Can you say what your strategy is? by David J. Collis and Michael G.…
Can you say what your strategy is?
by David J. Collis and Michael G. Rukstad
Conversely, companies that don't have a simple and clear statement of strategy are likely to fall into the sorry category of those that have failed to excuse their strategy, or worse, those than never even had one.
Leaders of firms are mystified when what they thought was a beautifully crafted strategy is never implemented. They assume that the initiatives described in the voluminous documentation that emerges from an annual budget or strategic-planning process will ensure competitive success
What goes a good statement of strategy?
Lays out the characteristics of strategy in a conceptual fashion, conveying the essence of strategic choices and distinguishing them from the relentless but competitively fruitless search for operational efficiency
Elements of a strategy statement
Any strategy must begin with a definition of the ends that the strategy is designed to achieve.
A hierarchy of company statements
Vision: What we want to be
Strategy: What our competitive game plan will be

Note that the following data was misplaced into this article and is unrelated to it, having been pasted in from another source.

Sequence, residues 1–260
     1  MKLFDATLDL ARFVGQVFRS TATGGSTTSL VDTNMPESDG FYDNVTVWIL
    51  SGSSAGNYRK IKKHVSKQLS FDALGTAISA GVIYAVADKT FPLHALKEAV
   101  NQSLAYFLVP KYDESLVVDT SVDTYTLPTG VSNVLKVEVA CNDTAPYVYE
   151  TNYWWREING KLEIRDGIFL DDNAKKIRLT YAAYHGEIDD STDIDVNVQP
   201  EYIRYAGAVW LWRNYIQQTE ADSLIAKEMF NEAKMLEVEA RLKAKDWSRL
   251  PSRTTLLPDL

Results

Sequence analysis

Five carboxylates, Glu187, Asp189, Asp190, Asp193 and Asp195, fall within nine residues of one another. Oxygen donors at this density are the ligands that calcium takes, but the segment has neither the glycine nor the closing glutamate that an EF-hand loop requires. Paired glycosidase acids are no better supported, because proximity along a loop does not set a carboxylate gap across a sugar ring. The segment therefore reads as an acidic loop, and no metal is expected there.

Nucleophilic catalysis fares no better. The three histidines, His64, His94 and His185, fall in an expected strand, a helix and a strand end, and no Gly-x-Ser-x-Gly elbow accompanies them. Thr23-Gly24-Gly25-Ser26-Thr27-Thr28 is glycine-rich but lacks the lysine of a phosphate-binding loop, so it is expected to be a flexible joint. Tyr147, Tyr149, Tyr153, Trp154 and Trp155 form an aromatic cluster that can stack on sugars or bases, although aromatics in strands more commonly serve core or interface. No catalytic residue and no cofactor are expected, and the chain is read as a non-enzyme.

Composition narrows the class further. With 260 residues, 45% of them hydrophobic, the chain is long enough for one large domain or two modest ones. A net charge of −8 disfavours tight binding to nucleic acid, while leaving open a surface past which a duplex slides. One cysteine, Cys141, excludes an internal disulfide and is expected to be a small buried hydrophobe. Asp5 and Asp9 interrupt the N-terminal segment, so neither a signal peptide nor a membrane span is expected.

The basic elements of a strategy statement
Values: What we believe in and how we will behave
Balanced scorecard: How we will monitor and implement that plan
Mission; why we exist
Defining the objective
It should be specific, measurable, and time bound. It should also be a single goal.
Defining the scope
A firm's scope encompasses three dimensions: customer of offering, geographic location, and vertical integration
Defining the advantage
It's the most critical aspect of strategy statement. Clarity about what makes the firm distinctive is what most helps employees understand how they can contribute to successful execution of its strategy
The strategic sweet spot
It isf a company is where it meets customer's needs in a way that rivals can't ,given the context in which it competes
Developing a Strategy Statement
It's finding the sweet spot that aligns the firm's capabilities with customer needs in a way that competitors cannot match given the changing external context